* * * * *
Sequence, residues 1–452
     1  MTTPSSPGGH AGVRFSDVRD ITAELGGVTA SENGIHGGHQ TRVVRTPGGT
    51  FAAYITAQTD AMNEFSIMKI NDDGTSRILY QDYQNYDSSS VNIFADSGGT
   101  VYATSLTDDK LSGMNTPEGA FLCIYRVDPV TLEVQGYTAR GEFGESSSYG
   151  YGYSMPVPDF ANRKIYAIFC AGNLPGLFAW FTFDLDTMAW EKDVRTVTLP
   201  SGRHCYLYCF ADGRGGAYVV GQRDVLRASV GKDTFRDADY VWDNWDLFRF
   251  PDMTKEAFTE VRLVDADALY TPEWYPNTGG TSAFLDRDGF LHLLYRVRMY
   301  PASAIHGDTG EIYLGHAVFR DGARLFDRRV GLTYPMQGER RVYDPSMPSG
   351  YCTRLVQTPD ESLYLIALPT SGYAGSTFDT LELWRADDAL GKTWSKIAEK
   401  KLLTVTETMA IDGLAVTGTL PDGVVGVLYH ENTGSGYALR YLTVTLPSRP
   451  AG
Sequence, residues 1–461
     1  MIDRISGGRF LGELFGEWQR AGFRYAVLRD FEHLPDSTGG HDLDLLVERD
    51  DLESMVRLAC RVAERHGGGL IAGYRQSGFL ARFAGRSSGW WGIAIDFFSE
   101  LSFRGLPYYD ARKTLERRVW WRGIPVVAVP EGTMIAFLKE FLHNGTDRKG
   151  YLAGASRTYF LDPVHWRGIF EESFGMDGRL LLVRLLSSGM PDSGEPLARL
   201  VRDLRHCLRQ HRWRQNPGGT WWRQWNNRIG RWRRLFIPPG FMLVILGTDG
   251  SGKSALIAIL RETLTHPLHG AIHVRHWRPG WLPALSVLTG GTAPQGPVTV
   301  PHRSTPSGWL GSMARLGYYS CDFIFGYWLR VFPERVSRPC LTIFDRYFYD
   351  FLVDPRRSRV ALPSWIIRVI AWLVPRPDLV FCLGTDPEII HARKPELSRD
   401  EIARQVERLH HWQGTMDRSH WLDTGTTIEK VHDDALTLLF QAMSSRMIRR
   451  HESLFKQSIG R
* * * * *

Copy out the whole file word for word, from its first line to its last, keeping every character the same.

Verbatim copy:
Sequence, residues 1–452
     1  MTTPSSPGGH AGVRFSDVRD ITAELGGVTA SENGIHGGHQ TRVVRTPGGT
    51  FAAYITAQTD AMNEFSIMKI NDDGTSRILY QDYQNYDSSS VNIFADSGGT
   101  VYATSLTDDK LSGMNTPEGA FLCIYRVDPV TLEVQGYTAR GEFGESSSYG
   151  YGYSMPVPDF ANRKIYAIFC AGNLPGLFAW FTFDLDTMAW EKDVRTVTLP
   201  SGRHCYLYCF ADGRGGAYVV GQRDVLRASV GKDTFRDADY VWDNWDLFRF
   251  PDMTKEAFTE VRLVDADALY TPEWYPNTGG TSAFLDRDGF LHLLYRVRMY
   301  PASAIHGDTG EIYLGHAVFR DGARLFDRRV GLTYPMQGER RVYDPSMPSG
   351  YCTRLVQTPD ESLYLIALPT SGYAGSTFDT LELWRADDAL GKTWSKIAEK
   401  KLLTVTETMA IDGLAVTGTL PDGVVGVLYH ENTGSGYALR YLTVTLPSRP
   451  AG
Sequence, residues 1–461
     1  MIDRISGGRF LGELFGEWQR AGFRYAVLRD FEHLPDSTGG HDLDLLVERD
    51  DLESMVRLAC RVAERHGGGL IAGYRQSGFL ARFAGRSSGW WGIAIDFFSE
   101  LSFRGLPYYD ARKTLERRVW WRGIPVVAVP EGTMIAFLKE FLHNGTDRKG
   151  YLAGASRTYF LDPVHWRGIF EESFGMDGRL LLVRLLSSGM PDSGEPLARL
   201  VRDLRHCLRQ HRWRQNPGGT WWRQWNNRIG RWRRLFIPPG FMLVILGTDG
   251  SGKSALIAIL RETLTHPLHG AIHVRHWRPG WLPALSVLTG GTAPQGPVTV
   301  PHRSTPSGWL GSMARLGYYS CDFIFGYWLR VFPERVSRPC LTIFDRYFYD
   351  FLVDPRRSRV ALPSWIIRVI AWLVPRPDLV FCLGTDPEII HARKPELSRD
   401  EIARQVERLH HWQGTMDRSH WLDTGTTIEK VHDDALTLLF QAMSSRMIRR
   451  HESLFKQSIG R